Don’t expect the province to ease your pain at the pumps.

Even though gas prices in Nova Scotia were expected to jump to $1.30 a litre or more last night, Premier Rodney MacDonald says he can’t afford to cut provincial taxes on gasoline.

“Every single penny that’s collected goes into our highways,” MacDonald told reporters on the first day of the spring sitting of the legislature.


“I haven’t run into a Nova Scotian yet who’s said ‘we want less dollars spent on our roads.’ It’s always ‘more.’”

The third-place Liberals want the province to cut its share of taxes on gasoline by four cents per litre — a move that would cost the provincial treasury $69 million per year. They argue the province can’t compete with New Brunswick, where gas is often 10 cents per litre less. New Brunswick cut its gas tax last year.

Liberal Leader Stephen McNeil also wants the Tories to eliminate gas regulation, saying the practice “is just helping prices soar higher.”

MacDonald said he believes regulation is working, but the province is slated to review the policy in October.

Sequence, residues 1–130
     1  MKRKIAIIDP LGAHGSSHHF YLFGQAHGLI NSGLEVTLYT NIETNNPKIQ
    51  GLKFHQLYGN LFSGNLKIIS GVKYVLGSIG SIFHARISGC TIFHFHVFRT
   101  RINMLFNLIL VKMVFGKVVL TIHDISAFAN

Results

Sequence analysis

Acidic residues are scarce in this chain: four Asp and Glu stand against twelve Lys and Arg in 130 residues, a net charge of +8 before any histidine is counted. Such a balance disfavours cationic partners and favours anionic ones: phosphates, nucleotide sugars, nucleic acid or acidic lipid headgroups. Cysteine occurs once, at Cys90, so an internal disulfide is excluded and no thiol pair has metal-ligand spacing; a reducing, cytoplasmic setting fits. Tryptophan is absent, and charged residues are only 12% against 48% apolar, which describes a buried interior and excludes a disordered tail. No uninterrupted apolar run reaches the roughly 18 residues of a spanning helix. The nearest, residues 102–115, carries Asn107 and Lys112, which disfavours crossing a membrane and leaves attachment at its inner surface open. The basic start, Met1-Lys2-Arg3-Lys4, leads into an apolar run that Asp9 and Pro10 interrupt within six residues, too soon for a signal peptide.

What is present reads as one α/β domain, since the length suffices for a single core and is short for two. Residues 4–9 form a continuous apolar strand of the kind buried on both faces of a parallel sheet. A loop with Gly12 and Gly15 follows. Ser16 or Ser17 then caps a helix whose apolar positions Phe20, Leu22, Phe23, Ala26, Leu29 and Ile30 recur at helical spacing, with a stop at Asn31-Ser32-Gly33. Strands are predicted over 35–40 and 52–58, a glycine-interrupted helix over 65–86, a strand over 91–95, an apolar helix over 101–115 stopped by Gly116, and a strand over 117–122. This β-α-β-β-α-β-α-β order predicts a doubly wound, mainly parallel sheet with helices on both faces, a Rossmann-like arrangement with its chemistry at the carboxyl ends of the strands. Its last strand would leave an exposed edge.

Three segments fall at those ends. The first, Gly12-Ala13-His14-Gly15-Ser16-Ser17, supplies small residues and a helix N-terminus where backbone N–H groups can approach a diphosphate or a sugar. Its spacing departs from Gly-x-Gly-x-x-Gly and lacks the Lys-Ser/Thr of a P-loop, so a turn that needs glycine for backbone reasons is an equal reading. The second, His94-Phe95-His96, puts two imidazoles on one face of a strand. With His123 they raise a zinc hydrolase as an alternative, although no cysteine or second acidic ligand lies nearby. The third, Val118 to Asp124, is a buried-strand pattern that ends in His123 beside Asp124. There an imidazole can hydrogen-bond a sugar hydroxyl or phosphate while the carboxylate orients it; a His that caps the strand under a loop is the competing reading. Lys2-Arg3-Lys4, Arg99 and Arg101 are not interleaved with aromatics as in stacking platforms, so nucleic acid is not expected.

The opposition NDP doesn’t want to cut the provincial take of gas taxes, but thinks government should stop charging HST on provincial fuel taxes. That would cut 1.5 cents per litre off the price of fuel.

“What I’m interested in is that the actual mechanism for taxation is fair to Nova Scotians, and I don’t think tax on tax is fair,” NDP leader Darrell Dexter said.

He said the province needs an energy strategy that would also deal with the quick rise in diesel prices.

“This is going to have a significant effect on almost every single thing that we buy in the marketplace that’s shipped by truck.”

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